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Using the Induction Heater – Aluminum Casting

A major use for induction heating in industry is metal melting.  Since I have an interest in metal casting, I decided to build a furnace suitable for melting small batches of aluminium for sand casting.  I also wanted to see how well our Fluxeon [1] Roy product, especially our soon-to-be-introduced 2500 watt unit would work at this task.

The first step was to build a small prototype furnace capable of melting 5 or 6 pounds at a time.

The main ingredients [2]

The main ingredients

The main ingredients for this small furnace are shown here.  The crucible is a squat propane gas bottle with its head cut off.  The outer container is, of course, a KFC bucket, the large version (special thanks to the Athens, TN KFC for donating the bucket)

Cutting the Frax [3]

Cutting the Frax. Notice the gloves!

The cylinder is wrapped in FiberFrax spun alumina matting to electrically insulate the induction coil from the steel crucible.

Here my friend Matt is cutting from a blanket of Frax.  Note the gloves!  Frax is even more itchy than fiberglass!

fiberglass wrap [4]

Wrapped with fiberglass tape to hold the Frax in place.

The Frax is covered with fiberglass tape to hold it tight.  This tape will burn off during the first heat but it is necessary during assembly.  Other tape such as masking tape could probably be used but it would smoke and stink during the burn-out.

Winding the coil [5]

Winding the induction coil

Winding the induction coil.  Based on past experience, I judged 6 turns to be just about right.  It turns out that 7 turns would be exactly appropriate for the Roy 2500 while 6 are just right for the Roy 1500.

Finished assembly [6]

Finished melter assembly

 

The finished assembly.  More fiberglass tape is used to hold the work coil in place.  Note that the windings are concentrated toward the bottom of the tank.  Heating the bottom most intensely greatly speeds getting that first melt started.

Proper consistency [7]

Proper Consistency of Kast-O-Lite

The next step is to mix the refractory.  I used some Kast-O-Lite 3000 extreme temperature refractory because I had a spare bag laying around the lab.  This is not the optimum refractory – it is heavy and has a relatively high thermal conductivity but it worked OK.  I’ll be talking to my friends at Larkin Refractory [8]concerning the optimum refractory and an update will follow.

When using Kast-O-Lite, it must be mixed very dry.  Larkin recommends the consistency of oat meal.  I did some test casts and found out that a stronger product resulted if less water was used.  The photo shows what it should look like.  Lumpy but the lumps should adhere to each other if squeezed in the hand.

greasing the bucket [9]

Greasing the inside of the KFC bucket

Before mixing the refractory, the inside of the KFC bucket should be heavily greased to make the refractory properly release from the mold.  Don’t be miserly here, try liquid cooking oil, PAM or anything like that.  The refractory will soak it up and you’ll find yourself picking pieces of the bucket off the cured refractory.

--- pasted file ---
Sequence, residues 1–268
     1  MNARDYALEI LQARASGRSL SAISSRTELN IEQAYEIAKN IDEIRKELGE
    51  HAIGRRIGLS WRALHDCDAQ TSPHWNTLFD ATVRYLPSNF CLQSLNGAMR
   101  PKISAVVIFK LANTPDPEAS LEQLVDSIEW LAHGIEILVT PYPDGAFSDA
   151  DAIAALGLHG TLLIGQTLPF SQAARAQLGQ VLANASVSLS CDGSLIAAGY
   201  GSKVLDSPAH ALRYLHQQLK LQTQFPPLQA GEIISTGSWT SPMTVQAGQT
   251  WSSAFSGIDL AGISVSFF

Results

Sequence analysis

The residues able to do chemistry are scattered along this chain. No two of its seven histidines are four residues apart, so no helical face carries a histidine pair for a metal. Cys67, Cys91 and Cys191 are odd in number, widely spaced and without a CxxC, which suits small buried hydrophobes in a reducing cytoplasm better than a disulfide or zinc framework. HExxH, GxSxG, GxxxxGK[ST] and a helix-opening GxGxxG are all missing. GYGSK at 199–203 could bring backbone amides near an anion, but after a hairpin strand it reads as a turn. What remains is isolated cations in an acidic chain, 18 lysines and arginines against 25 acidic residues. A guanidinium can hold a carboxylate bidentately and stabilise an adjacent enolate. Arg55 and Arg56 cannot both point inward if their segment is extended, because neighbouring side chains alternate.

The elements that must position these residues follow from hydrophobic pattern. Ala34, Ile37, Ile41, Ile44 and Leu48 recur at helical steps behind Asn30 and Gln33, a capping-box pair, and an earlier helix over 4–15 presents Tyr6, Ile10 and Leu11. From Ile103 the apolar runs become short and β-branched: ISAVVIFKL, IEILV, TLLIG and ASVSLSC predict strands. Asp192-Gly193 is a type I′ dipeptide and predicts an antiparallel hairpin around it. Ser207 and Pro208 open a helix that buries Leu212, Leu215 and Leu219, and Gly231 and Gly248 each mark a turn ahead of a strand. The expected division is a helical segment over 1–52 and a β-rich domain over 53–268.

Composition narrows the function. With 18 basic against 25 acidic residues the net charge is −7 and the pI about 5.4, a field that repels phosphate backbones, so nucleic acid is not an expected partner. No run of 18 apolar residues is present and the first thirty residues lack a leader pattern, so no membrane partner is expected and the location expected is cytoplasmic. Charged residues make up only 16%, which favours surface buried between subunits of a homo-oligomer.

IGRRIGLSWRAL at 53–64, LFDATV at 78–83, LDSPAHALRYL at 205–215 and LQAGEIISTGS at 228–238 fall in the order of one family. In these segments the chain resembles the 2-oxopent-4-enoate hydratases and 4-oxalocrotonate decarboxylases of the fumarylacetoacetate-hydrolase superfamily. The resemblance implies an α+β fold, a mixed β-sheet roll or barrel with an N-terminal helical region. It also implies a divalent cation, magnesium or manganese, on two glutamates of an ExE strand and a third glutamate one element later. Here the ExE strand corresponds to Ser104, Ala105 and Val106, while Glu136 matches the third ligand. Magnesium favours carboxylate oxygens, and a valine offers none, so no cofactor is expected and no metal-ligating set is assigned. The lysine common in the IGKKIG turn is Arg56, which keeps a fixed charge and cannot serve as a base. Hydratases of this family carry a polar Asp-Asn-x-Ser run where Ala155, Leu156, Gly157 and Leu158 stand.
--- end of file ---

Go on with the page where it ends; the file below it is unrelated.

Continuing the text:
The dry refractory [10]

The Dry Refractory

This is what the refractory looks like dry.  Like coarse cement mix.

base layer [11]

Base layer of refractory laid down

The first thing to do is to lay down the base.  This should be several inches thick, thick enough that the opening of the cylinder is level with the opening of the bucket.

adding the Kast-O-Lite [12]

Adding the Kast-O-Lite

Adding the refractory.  Again, note how dry the mixture is.  The foil cap makes it easy to add the refractory without spilling any into the crucible.

tamping lightly [13]

Tamping lightly

About every inch or two of refractory, take a stick or something similar and gently tamp the mixture.  Not too hard or the paper bucket will bulge.

The cylinder will tend to work itself off center.  If you see that happening, gently tamp on the thinner side.  That will work the cylinder back toward the center of the bucket.

 

Almost done [14]

Almost done

Almost finished.

Finished furnace [15]

Finished furnace

Finished.  Notice how the top is nicely rounded.  The instructions say NOT to trowel the mixture smooth.  I finished the surface by gently patting it with my gloved hand.

Warming the refractory [16]

Slowing warming the cured refractory

The refractory is allowed to cure for 24 hours (don’t skimp) and then the assembly is gently heated to drive out the residual moisture.

In this photo the assembly is connected to a 2.2 model Roy and the heat is set to about 100 watts.  At this point the bucket is stripped off to allow the moisture to escape out the sides.

 

The secret ingredient [17]

The Secret ingredient

Here Matt adds the secret ingredient :-).

Actually it’s just water.  We filled the crucible up with water so that it would boil for awhile and hold the temperature at about 210 deg F.  That let the heat slowly soak through the refractory.

The refractory instructions say to raise the temperature about 100 deg F per hour.  We did that until the interior of the crucible was showing some color.  Then we attached the 2500 watt Roy and fired for effect!

Note that if there is enough interest, Fluxeon will sell ready-made furnaces in a variety of sizes.  This is a good size for small castings up to about 5 lbs (allowing a pound for the sprue).  Next on my agenda is a 20 lb furnace built inside a 5 gallon steel pail.  Stay tuned.

Next Instalment: Using the furnace.